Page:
U.S. Department of Interior Proposes New Conservation Framework
In April 2023, the Bureau of Land Management (BLM) published a proposed rule that would apply new “land health” standards to all BLM-managed public lands and programs. This new policy will have broad implications for federal land management. Interested parties must submit comments by June 20, 2023.
BLM manages roughly 10% of the land in the United States, more than 245 million acres. BLM’s proposal would revise regulations governing federal lands and policies to expand and reinforce the agency’s conservation efforts. Specifically, the proposed rule would apply land health standards to all BLM-managed public lands and uses, revise existing Federal Land Policy and Management Act (FLPMA) regulations to prioritize designating and protecting Areas of Critical Environmental Concern (ACECs), create a conservation lease tool, and introduce new procedural requirements to promote ecosystem resilience on public lands. In doing so, the proposal arguably would expand the express categories of land uses under FLPMA.
- Expanding and reaffirming ACECs. ACECs are areas where BLM applies special management attention to protect historic, cultural, and scenic values, fish or wildlife resources, or other natural systems or processes, or to protect human health from natural hazards. The proposed rule expands existing ACEC regulations, allowing BLM greater leverage to use this tool for ecosystem resilience. BLM will have to prepare land health assessments and evaluations to make determinations about land health conditions in order to manage public lands for conservation. As part of this process, BLM would prioritize the designation of ACECs during the planning phase.
- Creating a Conservation Lease. A conservation lease would be available to entities seeking to restore public lands or provide mitigation for a particular action. Once issued, subsequent authorizations must be compatible with the conservation use. BLM stated it would issue most conservation leases for 10-year terms, but the term can be flexible, e.g., in providing mitigation the term would be commensurate with the impact. Under the proposal, terms may be extended if necessary to serve the purpose for which the lease was originally issued.
- Reaffirming BLM’s Mitigation Hierarchy. The proposal requires mitigation, to the maximum extent possible, to address impacts on important, scarce, or sensitive resources. The proposed rule also sets rules for approving third-party mitigation fund holders.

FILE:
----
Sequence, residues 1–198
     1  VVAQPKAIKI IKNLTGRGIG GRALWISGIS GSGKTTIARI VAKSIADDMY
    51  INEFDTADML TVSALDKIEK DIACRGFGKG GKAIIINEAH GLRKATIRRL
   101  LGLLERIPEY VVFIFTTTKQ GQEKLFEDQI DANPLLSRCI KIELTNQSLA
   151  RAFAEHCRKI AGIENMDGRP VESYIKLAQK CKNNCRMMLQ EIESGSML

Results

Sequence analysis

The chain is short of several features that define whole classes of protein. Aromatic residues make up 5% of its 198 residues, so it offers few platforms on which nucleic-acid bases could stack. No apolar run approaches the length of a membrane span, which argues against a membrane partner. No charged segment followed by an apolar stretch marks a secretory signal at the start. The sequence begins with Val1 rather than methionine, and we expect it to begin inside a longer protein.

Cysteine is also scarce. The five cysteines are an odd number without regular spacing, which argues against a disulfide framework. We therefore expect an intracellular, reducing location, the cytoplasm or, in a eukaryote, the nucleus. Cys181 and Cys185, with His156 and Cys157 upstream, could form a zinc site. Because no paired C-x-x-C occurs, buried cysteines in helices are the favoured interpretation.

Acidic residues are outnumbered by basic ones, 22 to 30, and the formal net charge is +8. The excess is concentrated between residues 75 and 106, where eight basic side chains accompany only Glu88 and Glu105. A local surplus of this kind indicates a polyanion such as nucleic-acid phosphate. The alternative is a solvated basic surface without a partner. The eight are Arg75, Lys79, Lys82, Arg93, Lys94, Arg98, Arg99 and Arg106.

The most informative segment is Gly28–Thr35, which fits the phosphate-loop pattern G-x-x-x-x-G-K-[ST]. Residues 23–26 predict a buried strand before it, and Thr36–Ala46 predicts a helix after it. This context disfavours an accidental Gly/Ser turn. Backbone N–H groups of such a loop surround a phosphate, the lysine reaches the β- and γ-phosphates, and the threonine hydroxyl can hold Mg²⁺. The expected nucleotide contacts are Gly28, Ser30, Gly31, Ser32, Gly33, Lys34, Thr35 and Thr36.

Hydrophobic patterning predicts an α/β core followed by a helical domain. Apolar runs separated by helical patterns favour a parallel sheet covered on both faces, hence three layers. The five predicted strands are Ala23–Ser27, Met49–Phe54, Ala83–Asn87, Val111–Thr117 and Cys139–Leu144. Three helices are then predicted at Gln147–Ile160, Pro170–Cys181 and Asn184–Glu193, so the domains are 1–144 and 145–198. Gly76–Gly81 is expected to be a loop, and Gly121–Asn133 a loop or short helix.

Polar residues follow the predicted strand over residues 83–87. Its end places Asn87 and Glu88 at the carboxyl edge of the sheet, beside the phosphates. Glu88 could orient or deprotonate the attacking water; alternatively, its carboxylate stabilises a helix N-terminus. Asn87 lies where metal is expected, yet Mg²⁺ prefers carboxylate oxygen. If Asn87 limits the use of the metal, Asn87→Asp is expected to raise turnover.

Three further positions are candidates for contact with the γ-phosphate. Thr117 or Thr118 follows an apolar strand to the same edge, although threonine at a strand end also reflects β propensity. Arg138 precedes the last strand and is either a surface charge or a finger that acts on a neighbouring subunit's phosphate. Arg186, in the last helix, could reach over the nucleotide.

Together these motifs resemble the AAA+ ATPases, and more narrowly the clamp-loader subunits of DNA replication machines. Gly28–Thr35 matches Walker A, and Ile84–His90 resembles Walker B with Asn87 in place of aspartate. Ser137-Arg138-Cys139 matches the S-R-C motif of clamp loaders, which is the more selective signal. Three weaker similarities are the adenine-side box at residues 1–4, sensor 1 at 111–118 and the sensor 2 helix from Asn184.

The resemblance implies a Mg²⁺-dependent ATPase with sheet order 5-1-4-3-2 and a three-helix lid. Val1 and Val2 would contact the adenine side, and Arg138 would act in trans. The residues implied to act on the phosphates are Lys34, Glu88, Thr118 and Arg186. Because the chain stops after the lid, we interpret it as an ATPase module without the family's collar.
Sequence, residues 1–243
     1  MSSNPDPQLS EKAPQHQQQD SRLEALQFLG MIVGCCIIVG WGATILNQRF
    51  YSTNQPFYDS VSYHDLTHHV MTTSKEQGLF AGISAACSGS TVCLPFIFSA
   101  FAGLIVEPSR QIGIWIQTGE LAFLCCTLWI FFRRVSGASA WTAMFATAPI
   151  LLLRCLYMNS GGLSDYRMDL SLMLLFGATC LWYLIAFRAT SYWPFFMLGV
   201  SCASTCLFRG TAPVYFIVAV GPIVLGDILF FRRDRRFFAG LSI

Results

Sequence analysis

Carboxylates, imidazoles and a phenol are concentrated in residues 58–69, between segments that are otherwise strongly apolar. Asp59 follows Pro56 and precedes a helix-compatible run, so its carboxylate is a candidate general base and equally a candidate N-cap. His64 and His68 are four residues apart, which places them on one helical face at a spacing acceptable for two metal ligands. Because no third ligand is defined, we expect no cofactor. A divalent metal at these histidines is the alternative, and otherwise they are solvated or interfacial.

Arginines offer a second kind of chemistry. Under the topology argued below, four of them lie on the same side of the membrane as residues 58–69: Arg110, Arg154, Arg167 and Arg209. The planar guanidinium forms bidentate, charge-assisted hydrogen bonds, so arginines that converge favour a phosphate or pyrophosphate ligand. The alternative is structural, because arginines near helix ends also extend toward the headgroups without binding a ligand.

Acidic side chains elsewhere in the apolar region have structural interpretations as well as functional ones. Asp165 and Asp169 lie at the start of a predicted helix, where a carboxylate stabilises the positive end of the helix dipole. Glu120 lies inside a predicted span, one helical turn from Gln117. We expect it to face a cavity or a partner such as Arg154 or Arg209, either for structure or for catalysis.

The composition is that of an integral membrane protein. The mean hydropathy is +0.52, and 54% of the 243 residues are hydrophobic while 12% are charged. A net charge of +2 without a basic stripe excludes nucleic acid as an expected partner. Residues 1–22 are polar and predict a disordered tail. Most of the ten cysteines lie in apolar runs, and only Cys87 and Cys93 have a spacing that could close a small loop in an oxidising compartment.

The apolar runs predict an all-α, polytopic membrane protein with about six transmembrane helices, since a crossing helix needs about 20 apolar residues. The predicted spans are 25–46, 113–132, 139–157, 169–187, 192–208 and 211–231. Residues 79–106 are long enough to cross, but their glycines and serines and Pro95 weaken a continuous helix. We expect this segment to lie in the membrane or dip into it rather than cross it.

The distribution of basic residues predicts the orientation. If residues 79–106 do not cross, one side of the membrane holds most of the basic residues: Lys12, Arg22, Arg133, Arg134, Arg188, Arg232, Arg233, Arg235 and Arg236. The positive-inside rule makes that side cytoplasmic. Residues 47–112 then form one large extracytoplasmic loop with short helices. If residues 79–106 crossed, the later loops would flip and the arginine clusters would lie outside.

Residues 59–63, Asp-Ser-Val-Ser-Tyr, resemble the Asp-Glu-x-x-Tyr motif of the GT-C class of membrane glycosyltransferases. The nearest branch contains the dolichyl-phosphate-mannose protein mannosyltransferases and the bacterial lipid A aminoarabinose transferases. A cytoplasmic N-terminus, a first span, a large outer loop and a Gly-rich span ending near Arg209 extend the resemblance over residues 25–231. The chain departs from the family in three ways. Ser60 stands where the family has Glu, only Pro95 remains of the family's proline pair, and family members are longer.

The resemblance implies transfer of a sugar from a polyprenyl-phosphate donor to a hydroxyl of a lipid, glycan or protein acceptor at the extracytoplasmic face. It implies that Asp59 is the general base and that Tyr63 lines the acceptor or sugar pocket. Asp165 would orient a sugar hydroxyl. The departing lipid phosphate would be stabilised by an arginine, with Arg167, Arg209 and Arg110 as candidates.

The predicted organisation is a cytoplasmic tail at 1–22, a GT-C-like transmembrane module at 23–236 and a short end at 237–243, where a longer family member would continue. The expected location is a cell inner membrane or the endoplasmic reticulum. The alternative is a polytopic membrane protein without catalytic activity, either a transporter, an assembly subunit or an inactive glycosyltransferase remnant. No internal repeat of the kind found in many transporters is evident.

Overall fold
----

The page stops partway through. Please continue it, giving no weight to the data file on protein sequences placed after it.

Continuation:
- Elevating “Conservation” to a Designated Use. The proposed rule would require BLM to consider conservation as a use on par with existing uses under FLPMA’s “multiple use” framework. “Conservation” includes the management of renewable resources consistent with the fundamentals of land health, designed to “reach future conditions through protection, restoration, and other types of planning, permitting, and program decisionmaking.”
BLM specifically requested comments concerning the following:
- How will applying the fundamentals of land health beyond lands allocated to grazing interact with BLM’s management of nonrenewable resources such as mining, energy production, transmission, and transportation?
- Are there opportunities for the proposed rule to incorporate specific direction to conserve and improve the health and resilience of forests on BLM-managed lands, specifically to foster ecosystem resilience of old and mature forests?
- Should state and local governments be eligible for holding conservation leases?
- Should the rule constrain which lands are available for conservation leases?
- Should the rule expressly authorize using conservation leases to generate carbon offset credits?
- In what ways can BLM determine the fair market value for restoration or preservation activities?
BLM will host five information forums to discuss the details of the proposed rule, and public comments will close on June 20, 2023, or 15 days after the last public meeting. Companies and trade associations should carefully review this proposed rule and participate in the rulemaking process to ensure they can continue activities on federal lands without additional barriers.
Beveridge & Diamond’s Natural Resources and Federal Lands and Infrastructure, Project Development, and Permitting practices represent clients during project development, permitting, and related litigation on BLM-managed lands. Please contact the authors for more information on how these developments may impact your business.